As many of you are taking your first family trip to Paris with kids for spring break this year, I thought this post would be timely and helpful. Below are some ideas for things to do in Paris with kids. I also included a scavenger hunt for little ones to keep them entertained as you navigate the city.
Jardin des Plantes is a massive park on the left bank of Paris. In the spring, it is one of the best places to see Paris in bloom. The botanical garden is filled with various flowers, and there are incredible cherry blossom trees that kids can run under. You will also find a small carousel for little ones to ride. Explore the zoo located next to Jardin des Plantes for a fun afternoon. Tickets can be purchased online here. A Natural History Museum is also in the same area for a rainy day activity.
The idea for a scavenger hunt came when I ran into a neighbor with young kids planning their first trip to Paris. She asked me for suggestions on what to do, and I told her to make a game out of exploring Paris as a fun way to see the city. I immediately ran home and compiled ideas for what kids could search for in Paris. Not only is this scavenger hunt fun, but you can also use it as a teaching moment for kids to explain the culture in Paris.
Spend an afternoon in the Jardin des Tuileries (Tuileries gardens) in central Paris, just next to the Louvre museum. You can grab an ice cream in the park next to the fountains in the warmer months. Pull up a green chair and let the kids run around and burn off some energy; it’s a perfect place to spend some time outdoors. There is a carousel located in the Tuileries that you can buy tickets for, and the whole family can ride this. Younger kids can enjoy a playground for an afternoon. For older kids, explore the trampoline park beside The Tuileries, closest to Rue de Rivoli by the Place de la Concorde exit.
Luxembourg Gardens is a great place for kids on the Left Bank. It is an excellent place for children of all ages. The same green chairs from The Tuileries are scattered around the garden. The chairs will fill quickly in the busier months, but empty ones will become available as people come and go. For the younger children, there are small wooden boats to push across the fountain for an hour for a few euros. It is the perfect spot to spend an afternoon soaking up sunny days in Paris.
There is a great playground for kids in Luxembourg Gardens. Small kids will need an adult, and larger kids can play solo. It is a paid playground and will require a few euros to use.
Arc de Triomphe is one of the best views of the city of lights from the top. Purchase tickets in advance using the Paris museum pass to avoid long lines. I prefer this perspective of the city to the view from the Eiffel Tower. There is an elevator for those traveling with small children who can’t climb the stairs to the top. You can point out all the major landmarks of Paris from the 360-degree view from the top.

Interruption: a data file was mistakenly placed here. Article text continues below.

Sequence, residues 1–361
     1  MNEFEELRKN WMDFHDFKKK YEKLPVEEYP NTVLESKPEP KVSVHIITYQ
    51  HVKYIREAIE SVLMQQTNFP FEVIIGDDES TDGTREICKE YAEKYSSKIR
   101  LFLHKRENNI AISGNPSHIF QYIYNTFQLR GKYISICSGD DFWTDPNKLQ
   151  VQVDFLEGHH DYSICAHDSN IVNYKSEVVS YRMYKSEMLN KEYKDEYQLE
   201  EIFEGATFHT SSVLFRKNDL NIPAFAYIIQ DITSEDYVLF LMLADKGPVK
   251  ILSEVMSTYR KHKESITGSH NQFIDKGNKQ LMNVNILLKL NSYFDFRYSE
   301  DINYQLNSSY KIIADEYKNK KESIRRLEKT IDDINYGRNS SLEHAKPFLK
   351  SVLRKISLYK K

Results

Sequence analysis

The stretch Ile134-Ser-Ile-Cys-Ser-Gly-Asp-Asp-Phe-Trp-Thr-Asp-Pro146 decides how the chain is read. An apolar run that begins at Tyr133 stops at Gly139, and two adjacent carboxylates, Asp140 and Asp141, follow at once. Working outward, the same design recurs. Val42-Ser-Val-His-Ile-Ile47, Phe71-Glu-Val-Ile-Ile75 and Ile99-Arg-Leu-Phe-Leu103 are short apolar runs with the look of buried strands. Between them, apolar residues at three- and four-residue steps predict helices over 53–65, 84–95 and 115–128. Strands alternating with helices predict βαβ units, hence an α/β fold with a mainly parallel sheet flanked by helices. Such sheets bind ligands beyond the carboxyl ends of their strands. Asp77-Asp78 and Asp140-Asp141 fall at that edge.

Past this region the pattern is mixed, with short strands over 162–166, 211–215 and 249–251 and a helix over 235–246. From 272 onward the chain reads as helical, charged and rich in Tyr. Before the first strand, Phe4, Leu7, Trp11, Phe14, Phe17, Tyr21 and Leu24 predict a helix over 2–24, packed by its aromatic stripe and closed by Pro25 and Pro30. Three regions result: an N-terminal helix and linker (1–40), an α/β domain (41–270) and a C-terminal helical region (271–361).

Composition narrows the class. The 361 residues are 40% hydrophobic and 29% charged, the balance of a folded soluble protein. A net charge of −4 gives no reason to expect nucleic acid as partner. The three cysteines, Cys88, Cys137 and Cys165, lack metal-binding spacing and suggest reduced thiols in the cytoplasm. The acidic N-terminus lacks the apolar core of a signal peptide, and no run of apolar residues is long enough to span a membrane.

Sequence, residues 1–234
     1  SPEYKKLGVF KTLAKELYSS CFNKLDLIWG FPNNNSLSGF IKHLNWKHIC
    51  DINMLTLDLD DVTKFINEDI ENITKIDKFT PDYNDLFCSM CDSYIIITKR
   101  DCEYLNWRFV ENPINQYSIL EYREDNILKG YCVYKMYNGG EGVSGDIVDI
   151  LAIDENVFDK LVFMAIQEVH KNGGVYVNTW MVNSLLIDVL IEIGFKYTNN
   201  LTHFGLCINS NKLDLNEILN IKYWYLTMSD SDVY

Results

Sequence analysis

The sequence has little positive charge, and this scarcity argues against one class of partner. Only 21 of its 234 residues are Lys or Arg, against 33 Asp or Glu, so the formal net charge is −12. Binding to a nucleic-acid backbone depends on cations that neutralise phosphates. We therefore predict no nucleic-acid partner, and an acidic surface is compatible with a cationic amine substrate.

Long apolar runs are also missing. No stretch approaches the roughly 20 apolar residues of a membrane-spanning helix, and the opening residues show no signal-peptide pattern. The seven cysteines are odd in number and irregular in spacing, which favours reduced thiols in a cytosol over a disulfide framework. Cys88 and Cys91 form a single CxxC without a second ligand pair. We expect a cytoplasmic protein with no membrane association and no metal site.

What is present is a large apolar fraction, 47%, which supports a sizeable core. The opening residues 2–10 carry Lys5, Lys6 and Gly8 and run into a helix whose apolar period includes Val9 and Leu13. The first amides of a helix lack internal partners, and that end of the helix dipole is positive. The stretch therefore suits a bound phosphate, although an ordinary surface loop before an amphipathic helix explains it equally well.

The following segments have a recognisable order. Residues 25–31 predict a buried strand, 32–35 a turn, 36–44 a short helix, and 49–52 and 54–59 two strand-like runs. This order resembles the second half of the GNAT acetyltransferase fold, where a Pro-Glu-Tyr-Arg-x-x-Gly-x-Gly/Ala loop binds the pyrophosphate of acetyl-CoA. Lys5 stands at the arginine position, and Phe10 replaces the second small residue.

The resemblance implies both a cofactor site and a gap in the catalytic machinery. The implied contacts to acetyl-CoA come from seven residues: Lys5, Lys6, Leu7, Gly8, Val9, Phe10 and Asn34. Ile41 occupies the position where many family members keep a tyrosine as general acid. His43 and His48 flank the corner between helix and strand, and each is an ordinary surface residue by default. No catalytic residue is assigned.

There are many options for Seine river cruises. For kids, I prefer the Batobus because it can hop on and off at different Paris attractions along the Seine. You can bring your small kids in a stroller and be able to navigate the city a bit better than the metro. The pass also lasts for 24 hours, so if there are mini meltdowns and you have a change of plans and need to return to your hotel or apartment, you can try the next day again. The Batobus times are 10-5 pm on weekdays and 10-7 pm on weekends. This may change with the season and extend more in spring/summer. You can buy your tickets online here.
The Eiffel Tower sparkles every hour on the hour after dark; dusk is a great time to take a boat tour down the Seine. Bateaux Mouches is an excellent option if you don’t want to do the hop-on-and-off boat tour. For those of you with small children, I recommend this over going to the top of the Eiffel Tower. It is much easier and more interactive than standing in lines. Plus, the best view is right underneath the Eiffel Tower when it sparkles. At the base of the Eiffel Tower, you will find a carousel, gift shop, and crêpes for something sweet.
I don’t have kids, but I have traveled with my entire family abroad a few times to learn some tips on making days more manageable. My sister and brother-in-law are amazing and have been bringing their kids on vacations very early to get them well-adjusted to long flights and experiencing new cultures. Seek out playgrounds close to your hotel or apartment and bookmark them on google maps. In Nice, we rented an apartment with a playground in front because we knew it would be the ideal way to get some energy out.
Moving around the city with a stroller will be challenging, especially with narrow streets and cobblestones. I can’t give exact details on which stroller is best, but remember you will have to fold it up when riding the bus in Paris if you take public transportation. Not all metro stations have elevators, and the best way to get across town may be an Uber or taxi.
The French don’t have the same kid’s menus as they do in the US. Don’t feel discouraged if you don’t find chicken fingers and french fries or pizza as an option. Ask the waiter for guidance and suggestions but don’t assume you can customize items on the menu. French fries will be an option as a side at most cafés and restaurants. Park picnics are a great way to feed small kids or picky eaters. Simple baguette sandwiches available at just about any boulangerie are also an option.
A few things to note, jet lag is tough on adults and will be a challenge for kids, especially if it is your first time abroad. Drink lots of water leading up to your trip and on the flight, and do your best to avoid alcohol.
I don’t have any insight into Disneyland Paris as I haven’t been. My friend Angie Niles is an expert in Disney and can give better advice if you plan to visit the theme park for a day trip.